2. Wrap a banding material around the trunk. This will keep the oil-based Tree Tanglefoot from staining the bark of the tree, and also make application and removal of it much easier. The width of this band should be 3 inches.
  3. If your bark has fissures that run under the banding and create a way for the ant to bypass the sticky trap, fill those spaces in so that the ant has to walk on the trap.
  4. Use disposable gloves and a disposable knife to apply the Tanglefoot, as it’s sticky.
  5. Apply a thicker, heavier coat of Tanglefoot if your infestation is extreme, or if your tree is on the brink and needs the ants to be gone. This coat can be up to 3/32” thick.
  6. Apply a lighter coat if your infestation of ants is moderate or if you are maintaining an ant-free tree. This coat can be up to 1/16” thick.
  7. The Tree Tanglefoot will effectively trap ants and other insects until the point when it is covered with dead bugs, dust, or debris. Remove the debris by gently scraping at it until more stickiness is revealed. You may need to add more Tanglefoot on top of this to restore maximum stickiness.
  8. If you live in a mild winter climate, you should maintain the Tanglefoot year-round. Rotate the band between different places on the base of the trunk.
  9. If you live in a cold winter climate, remove the Tanglefoot and band each fall, and reapply in the spring.

Now that the ants are no longer around to protect their squishy, honeydew-secreting herds, it’s time to get rid of them!

Mealybugs and aphids can usually be washed away by a strong blast of water. 

When my kaffir lime tree had aphids, I was considering purchasing products and chemicals to get rid of them. Then, I found that water is more than enough to get them off of the plant and prevent them from coming back. Sure enough, after I sprayed my kaffir lime tree leaves with a blast of water, the aphids were removed successfully and didn’t come back.

Target the tips of branches and beneath the leaves, as both of these sap suckers like to huddle up in these sheltered areas. Take care not to use water pressure that is so strong that it will tear the leaves. When I was spraying the aphids off the tree, I used a hose without a nozzle and fitted my thumb over the opening to create more pressure.

If your citrus tree is small enough, you could even spray the leaf undersides and branch tips with neem oil or Safer Soap, which are both OMRI Listed organic insecticides.

Another way to take care of the aphids and mealybugs is to release some of their natural predators into your yard, such as ladybugs, lacewings, parasitic wasps, or the aptly named mealybug destroyer, to prey on them.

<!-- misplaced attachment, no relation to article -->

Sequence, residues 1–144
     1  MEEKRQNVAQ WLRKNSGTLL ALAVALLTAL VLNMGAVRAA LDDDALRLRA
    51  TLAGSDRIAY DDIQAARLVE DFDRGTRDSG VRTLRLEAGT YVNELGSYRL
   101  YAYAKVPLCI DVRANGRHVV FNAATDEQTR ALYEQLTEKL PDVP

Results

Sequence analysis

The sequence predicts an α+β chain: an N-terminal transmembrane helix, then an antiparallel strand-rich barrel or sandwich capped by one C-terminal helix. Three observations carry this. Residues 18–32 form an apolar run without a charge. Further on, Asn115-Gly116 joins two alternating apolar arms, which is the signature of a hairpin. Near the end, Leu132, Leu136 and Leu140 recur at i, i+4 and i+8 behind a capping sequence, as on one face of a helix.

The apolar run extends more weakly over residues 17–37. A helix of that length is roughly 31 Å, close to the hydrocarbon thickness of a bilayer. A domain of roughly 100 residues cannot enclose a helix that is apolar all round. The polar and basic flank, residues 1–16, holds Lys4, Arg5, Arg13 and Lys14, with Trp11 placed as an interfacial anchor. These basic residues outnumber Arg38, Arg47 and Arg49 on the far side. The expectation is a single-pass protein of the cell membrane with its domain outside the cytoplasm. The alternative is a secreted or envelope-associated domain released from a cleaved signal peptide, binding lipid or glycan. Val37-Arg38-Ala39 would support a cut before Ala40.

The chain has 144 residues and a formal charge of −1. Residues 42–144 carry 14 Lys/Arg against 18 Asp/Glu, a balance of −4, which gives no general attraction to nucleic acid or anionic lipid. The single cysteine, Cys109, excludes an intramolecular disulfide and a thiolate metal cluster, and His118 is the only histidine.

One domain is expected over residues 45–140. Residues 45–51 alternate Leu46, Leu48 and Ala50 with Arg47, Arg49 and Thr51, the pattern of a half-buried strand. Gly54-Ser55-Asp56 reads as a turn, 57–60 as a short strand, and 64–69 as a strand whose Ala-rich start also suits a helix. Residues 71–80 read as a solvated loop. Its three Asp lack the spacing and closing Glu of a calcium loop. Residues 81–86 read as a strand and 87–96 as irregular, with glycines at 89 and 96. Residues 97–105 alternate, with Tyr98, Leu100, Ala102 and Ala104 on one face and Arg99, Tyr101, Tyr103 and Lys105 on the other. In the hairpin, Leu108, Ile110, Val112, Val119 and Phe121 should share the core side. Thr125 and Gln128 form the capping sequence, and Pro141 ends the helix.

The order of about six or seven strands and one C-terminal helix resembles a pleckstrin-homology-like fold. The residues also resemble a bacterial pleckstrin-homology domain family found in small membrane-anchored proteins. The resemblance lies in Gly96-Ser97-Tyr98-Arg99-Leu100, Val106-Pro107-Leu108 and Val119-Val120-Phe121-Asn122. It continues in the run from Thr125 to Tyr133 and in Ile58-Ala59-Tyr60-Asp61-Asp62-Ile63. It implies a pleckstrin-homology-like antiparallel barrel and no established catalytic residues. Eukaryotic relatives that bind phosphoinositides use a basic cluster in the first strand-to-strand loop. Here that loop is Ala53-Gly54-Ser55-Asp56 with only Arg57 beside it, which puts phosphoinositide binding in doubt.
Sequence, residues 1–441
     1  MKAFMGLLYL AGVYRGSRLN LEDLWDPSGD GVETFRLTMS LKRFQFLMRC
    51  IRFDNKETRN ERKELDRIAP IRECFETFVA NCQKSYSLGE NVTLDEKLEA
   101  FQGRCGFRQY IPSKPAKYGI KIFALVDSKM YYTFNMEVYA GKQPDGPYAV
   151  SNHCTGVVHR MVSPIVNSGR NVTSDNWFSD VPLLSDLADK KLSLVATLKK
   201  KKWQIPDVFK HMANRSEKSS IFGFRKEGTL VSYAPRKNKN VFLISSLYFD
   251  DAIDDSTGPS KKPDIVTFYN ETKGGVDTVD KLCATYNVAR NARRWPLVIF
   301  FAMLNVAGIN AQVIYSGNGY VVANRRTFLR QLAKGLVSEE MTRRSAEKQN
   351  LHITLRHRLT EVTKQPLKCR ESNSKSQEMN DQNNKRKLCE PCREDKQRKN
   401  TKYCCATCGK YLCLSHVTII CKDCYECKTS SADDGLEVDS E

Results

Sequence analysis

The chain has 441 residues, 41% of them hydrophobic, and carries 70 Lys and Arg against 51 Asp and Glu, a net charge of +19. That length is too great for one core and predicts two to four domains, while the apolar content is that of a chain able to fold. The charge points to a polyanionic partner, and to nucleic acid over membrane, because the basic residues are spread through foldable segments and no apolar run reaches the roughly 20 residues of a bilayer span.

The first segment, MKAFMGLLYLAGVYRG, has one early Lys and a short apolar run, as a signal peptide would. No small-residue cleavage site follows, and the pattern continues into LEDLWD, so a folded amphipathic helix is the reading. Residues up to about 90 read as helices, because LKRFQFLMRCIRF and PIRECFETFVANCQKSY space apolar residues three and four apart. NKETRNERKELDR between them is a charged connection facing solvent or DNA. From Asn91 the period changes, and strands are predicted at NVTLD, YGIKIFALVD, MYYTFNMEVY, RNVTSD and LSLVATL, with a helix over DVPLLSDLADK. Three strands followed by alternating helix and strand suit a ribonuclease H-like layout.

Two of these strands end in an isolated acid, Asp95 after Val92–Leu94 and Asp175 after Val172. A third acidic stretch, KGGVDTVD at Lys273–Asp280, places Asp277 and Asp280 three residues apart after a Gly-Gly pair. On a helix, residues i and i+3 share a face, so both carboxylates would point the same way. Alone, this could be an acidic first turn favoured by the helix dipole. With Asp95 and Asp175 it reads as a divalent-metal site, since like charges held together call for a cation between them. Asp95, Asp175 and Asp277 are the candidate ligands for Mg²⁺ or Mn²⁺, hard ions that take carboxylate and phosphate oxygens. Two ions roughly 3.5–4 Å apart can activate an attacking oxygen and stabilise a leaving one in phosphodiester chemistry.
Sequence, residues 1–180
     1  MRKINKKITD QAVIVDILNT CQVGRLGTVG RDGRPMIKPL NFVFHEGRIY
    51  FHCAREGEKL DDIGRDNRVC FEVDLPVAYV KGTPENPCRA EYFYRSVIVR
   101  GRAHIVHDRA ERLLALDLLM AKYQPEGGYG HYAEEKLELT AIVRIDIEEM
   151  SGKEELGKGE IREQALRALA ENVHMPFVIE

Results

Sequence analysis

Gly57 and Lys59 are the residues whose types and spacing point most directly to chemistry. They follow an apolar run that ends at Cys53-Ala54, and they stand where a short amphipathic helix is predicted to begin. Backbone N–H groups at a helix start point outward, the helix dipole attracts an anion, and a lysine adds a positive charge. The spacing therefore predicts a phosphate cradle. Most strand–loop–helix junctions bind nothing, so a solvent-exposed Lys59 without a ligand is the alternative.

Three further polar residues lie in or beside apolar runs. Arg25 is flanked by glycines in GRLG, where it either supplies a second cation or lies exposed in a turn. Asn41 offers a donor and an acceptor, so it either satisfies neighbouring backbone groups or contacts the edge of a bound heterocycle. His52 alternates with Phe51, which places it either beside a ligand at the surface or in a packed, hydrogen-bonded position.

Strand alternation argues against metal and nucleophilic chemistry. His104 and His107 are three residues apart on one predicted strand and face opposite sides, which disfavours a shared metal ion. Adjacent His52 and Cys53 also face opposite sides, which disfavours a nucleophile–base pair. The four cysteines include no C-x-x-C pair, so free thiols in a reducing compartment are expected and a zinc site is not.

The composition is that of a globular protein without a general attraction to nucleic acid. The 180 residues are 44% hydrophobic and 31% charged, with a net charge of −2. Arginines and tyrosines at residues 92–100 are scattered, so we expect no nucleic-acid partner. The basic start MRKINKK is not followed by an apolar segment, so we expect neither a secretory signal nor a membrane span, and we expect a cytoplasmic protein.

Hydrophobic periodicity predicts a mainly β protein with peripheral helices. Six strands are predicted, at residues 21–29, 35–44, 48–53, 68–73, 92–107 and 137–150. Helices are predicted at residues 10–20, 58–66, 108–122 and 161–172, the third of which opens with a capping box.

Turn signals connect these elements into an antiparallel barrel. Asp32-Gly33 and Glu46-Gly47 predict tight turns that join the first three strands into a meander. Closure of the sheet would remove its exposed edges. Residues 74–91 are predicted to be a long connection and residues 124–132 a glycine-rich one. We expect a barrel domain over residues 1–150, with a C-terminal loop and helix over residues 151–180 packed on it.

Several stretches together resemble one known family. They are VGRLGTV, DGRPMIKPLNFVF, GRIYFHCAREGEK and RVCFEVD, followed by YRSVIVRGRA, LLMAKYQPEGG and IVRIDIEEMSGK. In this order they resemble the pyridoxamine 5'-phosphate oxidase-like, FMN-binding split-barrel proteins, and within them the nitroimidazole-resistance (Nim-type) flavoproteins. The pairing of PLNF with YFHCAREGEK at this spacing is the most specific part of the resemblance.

However, you might not be able to save all of your trees. If certain branches are very heavily infested, it’s best to prune them off. Make sure to dispose of the pruned material right away so the insects don’t have a chance to make a break for it.

Remember to also sanitize your pruning shears before and after you prune the tree, and don’t let the blade touch the soil. These measures will help prevent any transmission of diseases to your citrus tree.

You should also prune back any branches that are touching a structure or another tree because ants could climb over onto these too.

More Tips to Prevent Ants from Taking Over Your Citrus Tree

The best tip I can offer to prevent ants (or any insects) from taking over your citrus tree is to become a diligent observer of your citrus tree, as well as your other trees and plants.

Now that you know what aphids and mealybugs look like, where they like to hide on your tree, and what their damage to the tree looks like, regularly check to see if any have taken up residence.

If you find any, spray them away or apply Safer Soap or neem oil. Remember what we mentioned earlier about ants being opportunists? The ants won’t be interested in your tree if there is no opportunity for them to find food there.

Also, make sure not to over-water your tree or other plants. Aphids and their sap-sucking friends thrive in moist areas, so plan to water in the morning instead of at night, which allows the water to be absorbed or evaporate instead of lingering on the surface of your soil. Consider deep-watering your citrus tree as a best practice.

You should also keep an eye open for anthills in and around your yard. If you find one, try and see if you can follow the ants to their hunting grounds.

They may be leaving your tree well alone and you won’t have to bother them, but you might still prefer to place ant baits or repeat the hot soapy water trick.

The Tree Tanglefoot sticky trap is an excellent method for preventing ants from getting in your tree at all. If you apply a Tanglefoot trap in spring and make sure it stays sticky throughout the season, it will protect your tree with very little effort from you.